If Shetland votes for independence but Scotland does not will it be allowed to go on its own?
    Will any existing powers in the Scottish Parliament be removed if we vote to stay?
    Will the voting system be changed?
    Will Scots be allowed independence referendums in the future?
    Will Scotland be able to regulate financial services in Scotland or will that stay in London?
    What are the UK plans for disposal of the radioactive subs at Rosyth?
    However, with Unionists controlling virtually all of the Scottish MSM, those and others are not likely to see the light of day are they?  Especially from the BBC.
    I presume some of you will be going to the Demo protesting against BBC anti-independence bias at Pacific Quay on Saturday.  The wife and I have had enough of the propaganda and bias and we’re going.

  18. Macart says:

    I’ve never believed the issue to be about policy but about where that policy should be created, a Westminster government or a Holyrood government. Who is best suited to serve the particular needs and aspirations of the Scottish electorate? 

    I’m going to go with Holyrood on that one. 🙂 

  19. Rev. Stuart Campbell says:

    “Independence, if it’s to be voted for, has to represent something more than that one core principle.”

    No it doesn’t. That’s the whole point.

  20. pa_broon says:

    I don’t think a question has been answered more often than ‘what does independence mean?’.

    Its like a form of political blinkering, usually you get it with a politician thinking if he or she says something often enough it will become true or that they only need to convince themselves on an issue in order for it to become a generally accepted fact. (Tony Blair did this for Iraq.)

    Its just another bizarre strategy being deployed by people who have no positive case to offer for the continuance of the Union.

    On nuclear weapons. No we don’t have to have them, why would we? What would we do with them exactly? With whom would we be enjoying MAD? All nuclear weapons gets you is a chair at the top table in NATO, people need to stop looking at this issue through Union Jack Glasses, don’t know about any one else but I see Scotland working with other countries around the world on a basis of mutual benefit and consent. You don’t need nuclear weapons for that.

    The way some commentators talk about nuclear weapons and NATO, you’d think if Scotland didn’t have them NATO would attack us. Meanwhile no one talks about the Individual Partnership Action Plan or Partnership for Peace or indeed the Mediterranean Dialogue, Istanbul Cooperation Initiative or just a straightforward Contact Country (Australia and NZ.) It isn’t all or nothing with NATO.

  21. Mark says:

    In the run up to the 2011 election, Nicola Sturgeon was interviewed on Newsnight and when asked, stated that an (SNP led) independent Scotland would not be joining NATO. Scotland would instead sign agreements committing itself to purely humanitarian aid.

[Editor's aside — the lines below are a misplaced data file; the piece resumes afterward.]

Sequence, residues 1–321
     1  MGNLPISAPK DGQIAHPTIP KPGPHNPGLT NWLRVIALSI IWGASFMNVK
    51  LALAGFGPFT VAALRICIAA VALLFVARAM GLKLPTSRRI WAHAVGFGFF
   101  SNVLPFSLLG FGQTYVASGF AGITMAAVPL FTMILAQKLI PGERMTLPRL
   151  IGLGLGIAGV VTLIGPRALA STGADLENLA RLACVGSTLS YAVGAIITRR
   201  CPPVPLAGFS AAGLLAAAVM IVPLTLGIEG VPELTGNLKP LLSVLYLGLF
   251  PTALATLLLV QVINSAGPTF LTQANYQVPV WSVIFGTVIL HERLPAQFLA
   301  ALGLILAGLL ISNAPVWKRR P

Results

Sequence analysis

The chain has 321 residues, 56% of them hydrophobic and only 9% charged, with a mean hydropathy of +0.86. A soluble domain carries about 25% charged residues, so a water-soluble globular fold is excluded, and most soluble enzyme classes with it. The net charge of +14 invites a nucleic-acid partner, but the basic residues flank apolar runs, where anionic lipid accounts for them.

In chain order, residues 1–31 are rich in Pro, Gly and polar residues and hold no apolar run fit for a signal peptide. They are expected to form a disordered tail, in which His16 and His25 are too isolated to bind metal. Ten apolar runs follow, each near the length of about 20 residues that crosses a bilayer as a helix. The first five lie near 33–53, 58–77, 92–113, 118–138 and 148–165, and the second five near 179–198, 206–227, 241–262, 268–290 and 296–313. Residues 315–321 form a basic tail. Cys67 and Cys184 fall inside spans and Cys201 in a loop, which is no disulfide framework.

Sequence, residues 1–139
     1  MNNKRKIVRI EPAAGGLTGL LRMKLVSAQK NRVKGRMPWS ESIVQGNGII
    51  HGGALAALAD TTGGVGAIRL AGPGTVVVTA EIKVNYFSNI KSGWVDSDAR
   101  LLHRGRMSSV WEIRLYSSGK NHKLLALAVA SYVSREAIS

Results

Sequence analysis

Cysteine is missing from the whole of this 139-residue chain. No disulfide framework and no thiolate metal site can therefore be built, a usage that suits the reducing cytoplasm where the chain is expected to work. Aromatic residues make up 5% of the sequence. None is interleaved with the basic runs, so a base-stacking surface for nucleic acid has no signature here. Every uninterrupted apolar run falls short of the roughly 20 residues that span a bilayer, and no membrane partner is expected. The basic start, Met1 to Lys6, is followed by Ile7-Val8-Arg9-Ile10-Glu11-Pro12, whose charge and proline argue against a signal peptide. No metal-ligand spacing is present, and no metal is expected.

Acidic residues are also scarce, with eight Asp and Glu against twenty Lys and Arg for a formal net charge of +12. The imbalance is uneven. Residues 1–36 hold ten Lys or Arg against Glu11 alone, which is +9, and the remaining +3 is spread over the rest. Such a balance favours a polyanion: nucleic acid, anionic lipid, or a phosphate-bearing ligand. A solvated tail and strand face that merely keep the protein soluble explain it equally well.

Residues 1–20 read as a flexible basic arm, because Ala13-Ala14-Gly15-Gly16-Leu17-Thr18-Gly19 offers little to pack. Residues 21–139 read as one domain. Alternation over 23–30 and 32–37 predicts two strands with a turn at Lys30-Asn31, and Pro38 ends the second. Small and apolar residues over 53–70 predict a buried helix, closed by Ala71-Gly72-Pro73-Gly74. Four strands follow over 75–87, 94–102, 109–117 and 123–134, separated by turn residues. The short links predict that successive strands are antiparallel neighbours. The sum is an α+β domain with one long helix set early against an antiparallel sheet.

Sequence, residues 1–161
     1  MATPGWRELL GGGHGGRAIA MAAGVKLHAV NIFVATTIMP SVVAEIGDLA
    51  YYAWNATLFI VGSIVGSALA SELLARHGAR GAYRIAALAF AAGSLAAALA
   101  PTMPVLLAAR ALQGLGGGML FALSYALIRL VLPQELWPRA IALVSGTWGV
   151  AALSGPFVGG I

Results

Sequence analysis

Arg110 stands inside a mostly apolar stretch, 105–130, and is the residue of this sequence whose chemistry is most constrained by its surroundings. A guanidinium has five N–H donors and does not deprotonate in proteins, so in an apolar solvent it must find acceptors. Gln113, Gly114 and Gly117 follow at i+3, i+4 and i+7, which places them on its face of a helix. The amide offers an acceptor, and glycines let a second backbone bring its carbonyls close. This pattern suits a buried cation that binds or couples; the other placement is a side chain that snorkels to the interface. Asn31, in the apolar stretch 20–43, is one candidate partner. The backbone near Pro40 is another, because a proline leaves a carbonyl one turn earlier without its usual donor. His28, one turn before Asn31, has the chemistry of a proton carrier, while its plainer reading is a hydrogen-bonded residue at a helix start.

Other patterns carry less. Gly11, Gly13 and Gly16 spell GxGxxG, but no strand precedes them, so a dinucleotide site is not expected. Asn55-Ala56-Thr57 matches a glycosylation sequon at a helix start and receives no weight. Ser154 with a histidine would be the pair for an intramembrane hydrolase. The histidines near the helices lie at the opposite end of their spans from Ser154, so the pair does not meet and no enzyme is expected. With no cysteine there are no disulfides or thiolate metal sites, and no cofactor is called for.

Can I ask what has changed significantly since then? I mean, it would appear that Scotland could decommission Trident and still be a part of NATO, but why would we wish to?

    If recent wars are anything to go by, I think Scotland should steer well clear. What are the actual benefits? Defense contracts for Scottish industry? Is that it?

  22. Rev. Stuart Campbell says:

    “Can I ask what has changed significantly since then?”

    Nothing has. SNP policy is the same now as it was then.

  23. MajorBloodnok says:

    Is the referendum on whether we stay in NATO or not then?  I’m getting confused.  Surely we sort out the independence issue first and then address the policies that we would then actually be able to do something about. Scotland’s status and self-perception about its place in the world will change after independence and I think it is sensible to wait until we’ve actually got there before getting caught up in the details and try to deal pre-emptively with all of those Unionist red herrings, because that is all they are.

  24. Doug Daniel says:


     “Independence, if it’s to be voted for, has to represent something more than that one core principle. 
    I voted for a Scottish govenment back in 1999, 2003, 2007 and 2011.”   

    Don’t you see? What you voted for was a full manifesto of policy commitments. You weren’t voting for one specific policy.

    I don’t recall Labour being forced to lay out their full post-devolution manifesto before the 1998 referendum. They proposed an idea – that the areas of Scottish life then handled by the Scotland Office should instead be handled by an elected parliament – and people voted accordingly. Nobody said “I’ll only vote for it if you tell me how you’ll do things differently from how they’re done now – and if you don’t, then I’ll just stick with what we have now, even though I think it is the wrong way of doing things.” Well, there probably were some – but they were being unrealistic.